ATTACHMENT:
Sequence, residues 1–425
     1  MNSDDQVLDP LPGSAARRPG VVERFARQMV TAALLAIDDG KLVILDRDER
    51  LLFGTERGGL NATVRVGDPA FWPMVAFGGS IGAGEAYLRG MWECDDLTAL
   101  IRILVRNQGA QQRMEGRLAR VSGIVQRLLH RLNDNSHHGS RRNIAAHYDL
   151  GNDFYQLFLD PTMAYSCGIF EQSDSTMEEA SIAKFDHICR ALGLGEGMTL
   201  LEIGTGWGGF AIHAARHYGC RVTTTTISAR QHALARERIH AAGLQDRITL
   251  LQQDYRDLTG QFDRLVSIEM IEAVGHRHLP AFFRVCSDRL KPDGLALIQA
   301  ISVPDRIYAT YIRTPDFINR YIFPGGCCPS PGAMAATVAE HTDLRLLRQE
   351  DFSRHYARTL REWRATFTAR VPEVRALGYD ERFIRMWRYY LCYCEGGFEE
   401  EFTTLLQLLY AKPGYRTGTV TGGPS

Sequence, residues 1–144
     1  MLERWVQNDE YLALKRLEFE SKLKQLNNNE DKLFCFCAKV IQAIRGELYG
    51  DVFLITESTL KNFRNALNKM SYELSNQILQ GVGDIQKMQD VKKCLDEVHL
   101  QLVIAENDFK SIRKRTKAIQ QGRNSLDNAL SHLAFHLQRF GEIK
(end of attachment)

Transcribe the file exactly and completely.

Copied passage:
Sequence, residues 1–425
     1  MNSDDQVLDP LPGSAARRPG VVERFARQMV TAALLAIDDG KLVILDRDER
    51  LLFGTERGGL NATVRVGDPA FWPMVAFGGS IGAGEAYLRG MWECDDLTAL
   101  IRILVRNQGA QQRMEGRLAR VSGIVQRLLH RLNDNSHHGS RRNIAAHYDL
   151  GNDFYQLFLD PTMAYSCGIF EQSDSTMEEA SIAKFDHICR ALGLGEGMTL
   201  LEIGTGWGGF AIHAARHYGC RVTTTTISAR QHALARERIH AAGLQDRITL
   251  LQQDYRDLTG QFDRLVSIEM IEAVGHRHLP AFFRVCSDRL KPDGLALIQA
   301  ISVPDRIYAT YIRTPDFINR YIFPGGCCPS PGAMAATVAE HTDLRLLRQE
   351  DFSRHYARTL REWRATFTAR VPEVRALGYD ERFIRMWRYY LCYCEGGFEE
   401  EFTTLLQLLY AKPGYRTGTV TGGPS

Sequence, residues 1–144
     1  MLERWVQNDE YLALKRLEFE SKLKQLNNNE DKLFCFCAKV IQAIRGELYG
    51  DVFLITESTL KNFRNALNKM SYELSNQILQ GVGDIQKMQD VKKCLDEVHL
   101  QLVIAENDFK SIRKRTKAIQ QGRNSLDNAL SHLAFHLQRF GEIK